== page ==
“You only live once, that’s the motto, n—- — YOLO.” That line from the popular rap song “The Motto” by Drake is the motto of this generation. It also happens to be the best excuse to do all the things common sense tells you not to do. All you have to do is call out “YOLO” right before you do it, and everything will be OK. We know this because Drake signed a contract reassuring your well-being and taking all financial responsibility for your hospital bills.

If you’re going to do something stupid for the sake of YOLO, you need to post it on a social networking site. Otherwise, it’s just seen as you being stupid. You need to yell out “YOLO” so other people can hear it, or it doesn’t count. Try doing something dangerous and call out “YOLO” when no one else is around. It just won’t feel the same. It’s like the age-old question, “If a tree falls in the forest and no one is around to hear it, does it make a sound?” If you yell “YOLO” and jump from a tree in the forest with no one around to hear it, your doctor will know by the x-rays that you made a sound — the sound of your leg snapping in half, not “YOLO.”

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Campus Complainer: Art Attack and meter maids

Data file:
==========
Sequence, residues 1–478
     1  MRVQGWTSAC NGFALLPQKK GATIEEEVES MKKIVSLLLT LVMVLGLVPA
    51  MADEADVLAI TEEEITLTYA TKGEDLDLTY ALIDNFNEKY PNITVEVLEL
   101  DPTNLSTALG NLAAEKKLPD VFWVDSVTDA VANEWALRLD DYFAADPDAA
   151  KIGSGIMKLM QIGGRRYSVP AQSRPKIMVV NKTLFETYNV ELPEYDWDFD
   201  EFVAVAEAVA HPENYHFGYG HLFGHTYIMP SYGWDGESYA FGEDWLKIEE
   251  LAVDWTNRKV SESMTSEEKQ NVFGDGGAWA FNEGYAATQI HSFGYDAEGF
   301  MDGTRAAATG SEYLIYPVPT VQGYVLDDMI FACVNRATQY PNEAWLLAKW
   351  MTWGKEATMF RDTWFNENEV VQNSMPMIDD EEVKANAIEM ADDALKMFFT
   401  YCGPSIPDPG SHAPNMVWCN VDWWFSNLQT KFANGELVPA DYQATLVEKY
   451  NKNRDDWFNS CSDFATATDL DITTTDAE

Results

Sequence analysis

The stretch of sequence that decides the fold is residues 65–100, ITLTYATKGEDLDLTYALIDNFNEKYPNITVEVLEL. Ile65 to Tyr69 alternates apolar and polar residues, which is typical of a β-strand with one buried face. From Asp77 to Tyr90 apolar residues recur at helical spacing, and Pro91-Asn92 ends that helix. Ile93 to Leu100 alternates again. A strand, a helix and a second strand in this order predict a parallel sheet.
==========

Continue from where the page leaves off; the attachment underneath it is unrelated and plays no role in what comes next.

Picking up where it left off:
For this week’s installment of Campus Complainer, I had some wrath reserved for the whiners polluting the Art Attack Facebook event. Now that I’ve got bigger fish to fry, I’ll keep it brief. Quit your bellyaching over B.oB. You don’t like him? I’ve got a simple solution for you: Get hammered before. Drink a bunch of beers and BOOM! Then you won’t care who’s on stage. You’d probably dance to Dr. Z singing Nickelback all night anyways. Problem solved.

On to the real issue at hand: the city of College Park. Most of the time, I’m a big fan of College Park, but yesterday my tides turned.

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Campus Complainer: There are worse things than secondhand smoke

I was strolling along McKeldin Mall the other day between classes and plopped down in front of the library to talk on the phone. Outside of McKeldin is a popular spot to stop for a cigarette. Students and professors alike congregate just outside of its doors to literally blow off smoke before diving into the books.

As I sat, I noticed a common occurrence: Multiple passersby doing the loud, over exaggerated fake cough. It happened once and I paid no mind. Twice and my ears perked up. When it didn’t stop, I was shocked.


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Campus complainer: Calm down, guys. They’re just pretzels


When I was a tyke, often times my weekdays were spent at the mall with my mom, waddling around behind her as she browsed the shops  — long enough to be completely bored, but not so long that she’d miss Oprah at 4 p.m.